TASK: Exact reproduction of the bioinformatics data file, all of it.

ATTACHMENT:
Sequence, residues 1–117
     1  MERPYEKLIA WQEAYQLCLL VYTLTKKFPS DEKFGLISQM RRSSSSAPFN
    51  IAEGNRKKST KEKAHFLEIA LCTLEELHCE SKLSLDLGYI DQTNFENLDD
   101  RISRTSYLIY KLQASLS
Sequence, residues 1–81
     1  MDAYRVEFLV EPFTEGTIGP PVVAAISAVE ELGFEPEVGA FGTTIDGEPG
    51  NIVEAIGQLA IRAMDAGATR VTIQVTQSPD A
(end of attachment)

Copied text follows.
Sequence, residues 1–117
     1  MERPYEKLIA WQEAYQLCLL VYTLTKKFPS DEKFGLISQM RRSSSSAPFN
    51  IAEGNRKKST KEKAHFLEIA LCTLEELHCE SKLSLDLGYI DQTNFENLDD
   101  RISRTSYLIY KLQASLS
Sequence, residues 1–81
     1  MDAYRVEFLV EPFTEGTIGP PVVAAISAVE ELGFEPEVGA FGTTIDGEPG
    51  NIVEAIGQLA IRAMDAGATR VTIQVTQSPD A